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Feature Stories

NEWS | Dec. 30, 2022

Blended BLC begins at Camp Buehring

By Sgt. 1st Class Christopher Oposnow U.S. Army Central

It was nearly five years since a Basic Leader Course class graduated in the CENTCOM Area of Responsibility until 16 students of class 401-23 graduated Dec. 21, 2022, at Camp Buehring, Kuwait.

This version of BLC was a “blended” course instructed by the 3rd Battalion 166th Regiment at both Camp Buehring and Fort Indiantown Gap, Pa. The course consisting of 169 academic hours focusing on the six leader core competencies: readiness, leadership, training management, communication, operations, and program management.

"USARCENT restarting BLC in theatre is an outstanding opportunity for Compo 1, 2, and 3 (active, reserve, and national guard) junior Soldiers to complete required Professional Military Education during mobilization," said Brig. Gen. Thomas Vickers, Jr, commanding general of the 135th Expeditionary Sustainment Command. "This course allows Soldiers to remain with their unit, their civilian job, and their families after mobilization rather than being asked to leave those entities immediately after a nine to 12-month deployment. This is a huge retention tool and win for the Soldier, unit, and the Army."

Of the 16 students in BLC Class 401-23, half the class was Soldiers from the Army National Guard. Most were from the 135th ESC in the Alabama National Guard.

"I had a (BLC) slot for when I got home, but this was an opportunity I couldn't pass up,” said Sgt. Caleb Wilson, 130th Field Artillery Regiment in the Kansas National Guard. “I didn't have to worry about returning home after nine months and taking another month away from my family."

The blended BLC is the result of a partnership between U.S. Army Central, Training and Doctrine Command (TRADOC), the NCO Leadership Center of Excellence (NCOLCOE), and the National Guard Bureau. Throughout the past year, these commands collaborated to develop the blended BLC concept which allows units to train future leaders while mobilized overseas.

"We are very grateful for the support of the 166th RTI for delivering the course content and running the course,” said Command Sgt. Maj. Brian Disque, USARCENT Operation Senior Enlisted Advisor. “This is not a ‘virtual’ course. We have Assistant Instructors and Classroom leaders to ensure all training is conducted to standard and in the same manner as any NCO academy across the U.S. Army. The Soldiers trained at Camp Buehring will have the same professional and rigorous training as any Soldier in the U.S. Army."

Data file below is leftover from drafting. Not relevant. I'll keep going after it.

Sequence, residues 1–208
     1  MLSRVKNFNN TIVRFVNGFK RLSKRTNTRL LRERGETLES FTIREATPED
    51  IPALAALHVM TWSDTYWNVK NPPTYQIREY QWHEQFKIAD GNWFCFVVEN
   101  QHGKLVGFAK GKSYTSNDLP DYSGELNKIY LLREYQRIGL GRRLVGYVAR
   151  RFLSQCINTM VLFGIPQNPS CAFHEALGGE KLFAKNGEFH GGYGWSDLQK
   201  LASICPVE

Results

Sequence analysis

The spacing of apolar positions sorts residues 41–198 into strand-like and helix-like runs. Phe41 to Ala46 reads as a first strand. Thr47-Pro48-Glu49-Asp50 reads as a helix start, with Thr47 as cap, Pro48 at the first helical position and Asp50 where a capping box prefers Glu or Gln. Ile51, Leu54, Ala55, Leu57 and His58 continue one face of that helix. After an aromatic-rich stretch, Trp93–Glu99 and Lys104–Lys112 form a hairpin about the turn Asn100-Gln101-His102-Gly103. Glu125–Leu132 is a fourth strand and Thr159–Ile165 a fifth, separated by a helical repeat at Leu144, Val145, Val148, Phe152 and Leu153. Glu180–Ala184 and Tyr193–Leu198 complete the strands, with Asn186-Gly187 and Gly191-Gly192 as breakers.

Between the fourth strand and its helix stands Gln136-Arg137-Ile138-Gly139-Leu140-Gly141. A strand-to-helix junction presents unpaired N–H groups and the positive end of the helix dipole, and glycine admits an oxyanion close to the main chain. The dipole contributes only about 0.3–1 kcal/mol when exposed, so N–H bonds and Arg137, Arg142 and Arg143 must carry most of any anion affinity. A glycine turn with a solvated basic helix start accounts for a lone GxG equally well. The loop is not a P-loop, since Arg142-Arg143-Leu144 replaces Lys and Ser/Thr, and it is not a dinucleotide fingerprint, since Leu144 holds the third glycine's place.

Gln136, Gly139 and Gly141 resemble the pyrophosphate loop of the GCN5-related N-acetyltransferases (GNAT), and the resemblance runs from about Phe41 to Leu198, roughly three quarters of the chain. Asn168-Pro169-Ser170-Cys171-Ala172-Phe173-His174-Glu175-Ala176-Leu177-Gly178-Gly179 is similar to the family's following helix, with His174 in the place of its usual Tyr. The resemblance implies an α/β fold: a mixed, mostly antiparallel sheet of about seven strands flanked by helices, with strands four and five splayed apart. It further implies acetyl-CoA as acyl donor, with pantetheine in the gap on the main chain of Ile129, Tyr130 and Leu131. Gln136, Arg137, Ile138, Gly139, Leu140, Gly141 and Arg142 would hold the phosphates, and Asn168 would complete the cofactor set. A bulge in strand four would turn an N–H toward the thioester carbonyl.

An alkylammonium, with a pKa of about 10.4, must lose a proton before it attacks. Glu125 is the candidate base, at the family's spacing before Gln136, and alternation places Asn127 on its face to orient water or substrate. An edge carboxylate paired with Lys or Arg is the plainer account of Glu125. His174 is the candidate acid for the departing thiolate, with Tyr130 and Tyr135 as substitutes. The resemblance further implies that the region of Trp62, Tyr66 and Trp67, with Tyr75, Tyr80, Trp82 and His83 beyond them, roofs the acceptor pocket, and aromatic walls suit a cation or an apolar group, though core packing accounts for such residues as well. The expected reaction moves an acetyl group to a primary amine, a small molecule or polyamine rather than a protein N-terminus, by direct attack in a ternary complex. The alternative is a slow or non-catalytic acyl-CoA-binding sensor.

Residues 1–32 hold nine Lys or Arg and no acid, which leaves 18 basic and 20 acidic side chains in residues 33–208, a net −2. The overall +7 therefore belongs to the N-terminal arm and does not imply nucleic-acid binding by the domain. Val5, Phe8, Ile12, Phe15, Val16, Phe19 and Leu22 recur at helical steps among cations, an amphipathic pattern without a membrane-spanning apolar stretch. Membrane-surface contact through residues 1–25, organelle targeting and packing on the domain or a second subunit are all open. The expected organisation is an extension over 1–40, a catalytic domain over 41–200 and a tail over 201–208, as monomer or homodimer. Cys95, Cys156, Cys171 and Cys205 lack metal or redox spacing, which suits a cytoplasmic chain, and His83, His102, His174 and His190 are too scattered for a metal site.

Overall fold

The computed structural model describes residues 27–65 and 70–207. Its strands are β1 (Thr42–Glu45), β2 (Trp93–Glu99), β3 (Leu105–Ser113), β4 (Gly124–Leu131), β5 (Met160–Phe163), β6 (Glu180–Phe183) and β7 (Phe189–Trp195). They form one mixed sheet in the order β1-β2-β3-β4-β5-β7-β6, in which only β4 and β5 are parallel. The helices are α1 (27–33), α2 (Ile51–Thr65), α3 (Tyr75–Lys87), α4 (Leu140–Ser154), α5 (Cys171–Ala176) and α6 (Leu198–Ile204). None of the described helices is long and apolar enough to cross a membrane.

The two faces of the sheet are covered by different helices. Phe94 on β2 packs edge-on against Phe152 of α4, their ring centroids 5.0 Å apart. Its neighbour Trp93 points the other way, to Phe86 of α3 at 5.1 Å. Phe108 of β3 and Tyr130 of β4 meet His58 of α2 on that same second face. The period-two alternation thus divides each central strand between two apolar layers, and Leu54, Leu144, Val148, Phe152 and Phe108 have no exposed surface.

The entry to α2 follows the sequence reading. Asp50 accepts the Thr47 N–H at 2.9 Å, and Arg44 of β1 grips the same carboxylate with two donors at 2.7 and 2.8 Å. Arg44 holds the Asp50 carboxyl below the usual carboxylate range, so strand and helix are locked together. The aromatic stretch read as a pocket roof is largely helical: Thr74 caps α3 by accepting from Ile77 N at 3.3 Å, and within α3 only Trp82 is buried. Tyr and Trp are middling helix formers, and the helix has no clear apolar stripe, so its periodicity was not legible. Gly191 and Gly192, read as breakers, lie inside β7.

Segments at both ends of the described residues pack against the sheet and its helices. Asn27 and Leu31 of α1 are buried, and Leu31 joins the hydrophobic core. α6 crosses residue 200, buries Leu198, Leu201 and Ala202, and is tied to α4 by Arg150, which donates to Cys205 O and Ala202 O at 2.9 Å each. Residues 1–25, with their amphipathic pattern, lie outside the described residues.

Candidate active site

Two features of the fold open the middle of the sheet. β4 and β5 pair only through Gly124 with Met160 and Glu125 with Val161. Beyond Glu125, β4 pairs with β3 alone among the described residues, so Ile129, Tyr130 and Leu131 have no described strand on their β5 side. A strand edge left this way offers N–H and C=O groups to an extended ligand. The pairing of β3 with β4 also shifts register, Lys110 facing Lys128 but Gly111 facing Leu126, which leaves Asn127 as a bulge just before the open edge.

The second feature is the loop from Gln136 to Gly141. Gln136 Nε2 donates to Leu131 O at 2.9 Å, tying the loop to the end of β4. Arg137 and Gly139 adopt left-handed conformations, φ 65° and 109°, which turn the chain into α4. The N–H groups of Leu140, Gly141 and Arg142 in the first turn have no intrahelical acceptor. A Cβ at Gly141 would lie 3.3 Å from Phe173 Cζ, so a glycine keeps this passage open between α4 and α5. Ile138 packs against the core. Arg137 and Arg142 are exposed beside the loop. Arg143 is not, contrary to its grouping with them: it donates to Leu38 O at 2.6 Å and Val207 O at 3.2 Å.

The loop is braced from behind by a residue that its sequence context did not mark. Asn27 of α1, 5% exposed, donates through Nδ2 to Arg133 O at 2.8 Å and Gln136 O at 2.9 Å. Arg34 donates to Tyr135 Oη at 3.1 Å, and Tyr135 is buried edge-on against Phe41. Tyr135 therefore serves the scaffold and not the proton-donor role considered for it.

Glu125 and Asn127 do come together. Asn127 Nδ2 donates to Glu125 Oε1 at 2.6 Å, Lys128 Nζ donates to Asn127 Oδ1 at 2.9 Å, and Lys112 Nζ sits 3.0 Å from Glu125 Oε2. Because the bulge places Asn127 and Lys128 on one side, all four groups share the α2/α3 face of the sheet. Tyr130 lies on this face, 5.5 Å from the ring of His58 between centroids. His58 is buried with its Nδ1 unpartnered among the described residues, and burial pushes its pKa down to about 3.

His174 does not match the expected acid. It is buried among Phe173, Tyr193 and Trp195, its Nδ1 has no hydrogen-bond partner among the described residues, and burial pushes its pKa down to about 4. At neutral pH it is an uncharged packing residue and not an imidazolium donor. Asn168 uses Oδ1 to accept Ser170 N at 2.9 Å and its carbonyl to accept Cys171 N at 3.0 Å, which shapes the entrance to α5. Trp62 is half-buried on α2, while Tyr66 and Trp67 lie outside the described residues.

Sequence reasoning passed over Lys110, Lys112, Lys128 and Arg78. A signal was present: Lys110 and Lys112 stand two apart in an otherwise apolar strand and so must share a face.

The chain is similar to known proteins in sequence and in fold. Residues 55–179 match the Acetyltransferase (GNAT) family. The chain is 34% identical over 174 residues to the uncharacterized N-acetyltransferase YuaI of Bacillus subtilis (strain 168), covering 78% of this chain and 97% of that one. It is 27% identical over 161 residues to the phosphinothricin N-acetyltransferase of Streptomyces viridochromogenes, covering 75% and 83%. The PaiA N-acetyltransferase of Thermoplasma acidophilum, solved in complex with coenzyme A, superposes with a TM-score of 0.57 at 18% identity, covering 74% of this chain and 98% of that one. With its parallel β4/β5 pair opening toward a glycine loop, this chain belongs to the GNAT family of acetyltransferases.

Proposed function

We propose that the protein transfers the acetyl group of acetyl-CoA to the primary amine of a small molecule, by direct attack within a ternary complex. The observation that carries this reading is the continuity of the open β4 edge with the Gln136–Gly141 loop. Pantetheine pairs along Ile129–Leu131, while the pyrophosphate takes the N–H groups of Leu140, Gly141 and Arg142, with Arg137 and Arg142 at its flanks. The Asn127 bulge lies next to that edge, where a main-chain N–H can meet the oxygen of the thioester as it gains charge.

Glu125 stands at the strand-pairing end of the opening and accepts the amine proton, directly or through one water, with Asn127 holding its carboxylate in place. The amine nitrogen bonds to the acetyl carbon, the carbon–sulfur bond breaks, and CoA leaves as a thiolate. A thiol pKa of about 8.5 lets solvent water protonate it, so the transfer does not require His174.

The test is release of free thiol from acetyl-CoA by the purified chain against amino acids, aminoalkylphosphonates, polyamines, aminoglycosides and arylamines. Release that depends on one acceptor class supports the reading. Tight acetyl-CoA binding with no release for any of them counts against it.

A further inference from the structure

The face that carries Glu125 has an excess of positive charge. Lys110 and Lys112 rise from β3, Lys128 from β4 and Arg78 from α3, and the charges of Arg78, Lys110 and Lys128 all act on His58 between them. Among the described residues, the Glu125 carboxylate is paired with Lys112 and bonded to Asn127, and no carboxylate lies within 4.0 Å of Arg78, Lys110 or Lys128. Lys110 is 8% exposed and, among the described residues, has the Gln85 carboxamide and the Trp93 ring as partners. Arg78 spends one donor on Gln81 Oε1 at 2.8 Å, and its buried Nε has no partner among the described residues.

The “hands-on” portion of the training consisted of physical readiness training and “drill and ceremony”, where students learned to march, inspect, and align a squad. The students also had to teach a skill level one task like land navigation or emergency medical treatment.

"Some Soldiers are in highly technical careers like networking and information technology, cyber and electronic warfare,” said Disque. “These skills are very in demand in the civilian world, and if we're making it a hard choice for Soldiers to continue to serve because they can't advance. It makes it an easy decision for them to get out. You can only have a people-first army with people."

"I'm glad they brought BLC back to Kuwait because we're already in this mindset from the deployment,” said Spc. Jaelyn C. Roberson, 135th ESC and BLC 401-23 Distinguished Honor Graduate. Roberson said she felt eager to learn because everything they taught in class was part of her daily life during her mobilization.

"The thing is, they're here, they're focused, they have the time, as long as the command can allow that soldier to be absent for those three weeks, it's a win for everybody,” said Command Sgt. Maj. Randall Pritts, Task Force Spartan. “It helps with their military education, and it helps with our retention."

BLC builds essential leader and trainer skills needed to lead a team-size element while providing the foundation for further development along the professional military learning continuum. Sixty-four Soldiers are scheduled to take the next class on Jan. 3, 2023. Six hundred students are projected to graduate from the course next year.